Reducing ticket noise

Creating a ticket in the task management system is easy. But frequently, you probably run into the situation where your tickets get “noisy” and become unreadable.

Why does this happen? Well, when many people are involved in a specific ticket, there will be bunch of assigning, back and forth communication, until the ticket is approved, and resolved in the end. I am referring here to tickets that are related to new features or complex bugs. Dealing with simple bugs is easy and this would probably never happen.

How to deal with ticket readability

So, how to deal with tickets and avoid “noise”? You don't want developers to miss out on features or bugs in the ticket and you also want testers to see what they need to review so it can be properly checked and approved.

I prepared a list of things we do to improve ticket readability and reduce the risk of missing valuable information.

Separate discussion from tickets as much as possible

We are lazy in nature, so from time to time, we tend to discuss things in tickets more than needed. Try to avoid this. Leave out all unnecessary information from the ticket and leave only clean concise data which is required for people working on the ticket. For additional details link to an external discussion, which is posted separately.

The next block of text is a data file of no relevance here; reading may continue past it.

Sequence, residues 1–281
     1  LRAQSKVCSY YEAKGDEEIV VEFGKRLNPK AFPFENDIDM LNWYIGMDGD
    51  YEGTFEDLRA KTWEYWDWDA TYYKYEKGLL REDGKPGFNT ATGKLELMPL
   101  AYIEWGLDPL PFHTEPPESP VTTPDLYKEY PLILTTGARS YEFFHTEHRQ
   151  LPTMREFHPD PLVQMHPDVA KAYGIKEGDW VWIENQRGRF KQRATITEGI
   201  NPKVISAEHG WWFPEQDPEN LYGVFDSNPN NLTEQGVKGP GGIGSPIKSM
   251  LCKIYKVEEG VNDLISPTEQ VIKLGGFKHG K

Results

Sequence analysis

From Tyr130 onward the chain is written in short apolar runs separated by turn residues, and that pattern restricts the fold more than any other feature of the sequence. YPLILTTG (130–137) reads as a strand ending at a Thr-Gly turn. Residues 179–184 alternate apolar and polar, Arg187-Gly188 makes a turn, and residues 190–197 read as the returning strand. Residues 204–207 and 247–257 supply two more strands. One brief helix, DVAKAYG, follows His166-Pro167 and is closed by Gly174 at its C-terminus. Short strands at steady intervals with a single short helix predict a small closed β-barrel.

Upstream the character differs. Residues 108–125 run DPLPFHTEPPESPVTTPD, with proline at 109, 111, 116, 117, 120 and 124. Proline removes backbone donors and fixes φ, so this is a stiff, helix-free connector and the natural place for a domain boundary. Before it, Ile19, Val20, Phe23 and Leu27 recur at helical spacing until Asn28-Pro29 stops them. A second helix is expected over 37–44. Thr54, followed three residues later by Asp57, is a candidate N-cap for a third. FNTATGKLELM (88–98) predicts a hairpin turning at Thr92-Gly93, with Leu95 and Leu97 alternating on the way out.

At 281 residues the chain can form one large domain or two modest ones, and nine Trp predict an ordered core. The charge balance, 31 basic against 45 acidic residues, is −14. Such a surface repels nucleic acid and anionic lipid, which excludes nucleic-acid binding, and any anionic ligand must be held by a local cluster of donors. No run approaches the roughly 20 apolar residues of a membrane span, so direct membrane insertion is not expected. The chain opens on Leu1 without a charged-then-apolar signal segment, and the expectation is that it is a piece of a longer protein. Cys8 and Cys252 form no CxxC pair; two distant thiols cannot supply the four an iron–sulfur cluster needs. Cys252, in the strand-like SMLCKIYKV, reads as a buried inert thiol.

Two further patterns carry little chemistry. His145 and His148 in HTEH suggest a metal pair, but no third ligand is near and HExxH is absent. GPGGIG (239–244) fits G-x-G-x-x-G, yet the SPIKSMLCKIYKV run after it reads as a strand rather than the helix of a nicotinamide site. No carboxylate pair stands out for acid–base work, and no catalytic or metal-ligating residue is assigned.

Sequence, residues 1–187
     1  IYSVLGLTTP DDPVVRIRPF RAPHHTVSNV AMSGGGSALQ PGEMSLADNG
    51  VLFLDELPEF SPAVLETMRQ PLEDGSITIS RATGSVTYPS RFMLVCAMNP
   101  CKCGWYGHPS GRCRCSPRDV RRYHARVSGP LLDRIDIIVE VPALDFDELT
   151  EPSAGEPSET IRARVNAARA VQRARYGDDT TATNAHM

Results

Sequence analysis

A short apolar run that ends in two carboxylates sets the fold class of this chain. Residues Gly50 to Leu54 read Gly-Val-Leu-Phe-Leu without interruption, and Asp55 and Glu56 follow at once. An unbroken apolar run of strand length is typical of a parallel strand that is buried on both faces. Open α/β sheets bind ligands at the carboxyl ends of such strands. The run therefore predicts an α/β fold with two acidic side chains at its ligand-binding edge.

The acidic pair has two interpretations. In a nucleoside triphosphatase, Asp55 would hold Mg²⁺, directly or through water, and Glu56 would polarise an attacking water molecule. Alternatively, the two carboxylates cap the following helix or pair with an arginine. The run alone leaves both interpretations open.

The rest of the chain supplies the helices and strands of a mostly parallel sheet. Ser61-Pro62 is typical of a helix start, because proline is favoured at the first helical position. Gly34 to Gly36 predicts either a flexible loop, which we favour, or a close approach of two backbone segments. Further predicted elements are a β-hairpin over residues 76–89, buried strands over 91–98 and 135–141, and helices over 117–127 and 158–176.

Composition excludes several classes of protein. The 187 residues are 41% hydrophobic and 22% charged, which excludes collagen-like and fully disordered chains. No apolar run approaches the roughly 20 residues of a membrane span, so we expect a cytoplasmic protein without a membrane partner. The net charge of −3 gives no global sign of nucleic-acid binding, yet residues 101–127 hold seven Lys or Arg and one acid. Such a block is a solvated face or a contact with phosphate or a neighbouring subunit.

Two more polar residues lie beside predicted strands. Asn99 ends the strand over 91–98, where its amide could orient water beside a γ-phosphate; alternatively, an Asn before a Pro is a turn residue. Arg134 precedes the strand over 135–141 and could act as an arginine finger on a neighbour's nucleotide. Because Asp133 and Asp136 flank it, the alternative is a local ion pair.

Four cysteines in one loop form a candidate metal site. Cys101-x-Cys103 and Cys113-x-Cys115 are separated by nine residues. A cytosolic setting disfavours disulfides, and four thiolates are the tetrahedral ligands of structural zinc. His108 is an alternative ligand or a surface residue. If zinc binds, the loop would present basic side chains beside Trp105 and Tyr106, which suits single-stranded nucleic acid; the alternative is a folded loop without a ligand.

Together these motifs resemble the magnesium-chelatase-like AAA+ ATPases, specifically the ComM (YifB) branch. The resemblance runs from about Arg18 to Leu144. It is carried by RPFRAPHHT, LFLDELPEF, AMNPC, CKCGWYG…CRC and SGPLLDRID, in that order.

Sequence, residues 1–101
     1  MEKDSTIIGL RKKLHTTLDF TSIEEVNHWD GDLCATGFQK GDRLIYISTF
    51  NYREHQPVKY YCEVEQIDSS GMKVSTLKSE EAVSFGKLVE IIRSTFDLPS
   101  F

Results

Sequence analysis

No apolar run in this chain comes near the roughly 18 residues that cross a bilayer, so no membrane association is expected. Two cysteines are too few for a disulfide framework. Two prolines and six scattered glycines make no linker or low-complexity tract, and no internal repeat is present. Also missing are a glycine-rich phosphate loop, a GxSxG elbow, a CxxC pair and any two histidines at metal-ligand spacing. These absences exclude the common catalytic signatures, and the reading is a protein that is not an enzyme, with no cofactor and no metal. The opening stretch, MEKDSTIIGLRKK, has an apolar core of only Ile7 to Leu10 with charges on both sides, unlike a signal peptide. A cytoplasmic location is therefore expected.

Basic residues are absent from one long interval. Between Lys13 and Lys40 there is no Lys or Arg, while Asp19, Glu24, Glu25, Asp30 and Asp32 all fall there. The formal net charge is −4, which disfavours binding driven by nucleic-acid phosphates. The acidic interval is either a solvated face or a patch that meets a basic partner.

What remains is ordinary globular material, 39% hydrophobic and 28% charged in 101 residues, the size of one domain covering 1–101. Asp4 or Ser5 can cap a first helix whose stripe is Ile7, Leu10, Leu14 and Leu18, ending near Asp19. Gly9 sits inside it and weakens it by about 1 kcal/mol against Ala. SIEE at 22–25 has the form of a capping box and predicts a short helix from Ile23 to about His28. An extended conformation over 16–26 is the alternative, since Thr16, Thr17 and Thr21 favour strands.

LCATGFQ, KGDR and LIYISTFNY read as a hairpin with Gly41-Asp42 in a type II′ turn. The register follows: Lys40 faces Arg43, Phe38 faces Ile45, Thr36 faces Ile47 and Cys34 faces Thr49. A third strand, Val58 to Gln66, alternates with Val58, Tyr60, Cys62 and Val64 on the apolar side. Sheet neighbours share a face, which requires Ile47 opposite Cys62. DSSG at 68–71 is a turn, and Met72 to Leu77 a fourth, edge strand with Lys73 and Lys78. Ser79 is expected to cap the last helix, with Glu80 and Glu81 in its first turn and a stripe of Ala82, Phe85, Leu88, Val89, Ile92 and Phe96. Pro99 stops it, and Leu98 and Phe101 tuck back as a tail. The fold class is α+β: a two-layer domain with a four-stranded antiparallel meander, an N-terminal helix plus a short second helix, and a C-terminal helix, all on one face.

For example, say you are not sure how you want to implement a feature. The feature was discussed and final requirements are settled.

Now think about if you have all this information in ticket. This is a lot of unneeded data. The person to which ticket is assigned only needs to know about the final decision, and perhaps something else, but this can be all written down cleanly with a link to the discussion in which final decision was made.

Always attach links to the final copy and design updates to the ticket

When a developer is working on a feature, the ticket also includes a link to Beanstalk changeset and the latest design pages. Now these pages can change many times through the ticket. Attaching all the changeset changes and design pages at bottom of the ticket is a huge help.

Clean tickets reduce the probability of error

The bottom line is that you should try to keep your tickets clean and easily readable, at the same time try not to have long tickets which have thousands of lines of text. This means you should have separate tickets in smaller pieces.

Let me know what you think and how you are working in your task management system with tickets.

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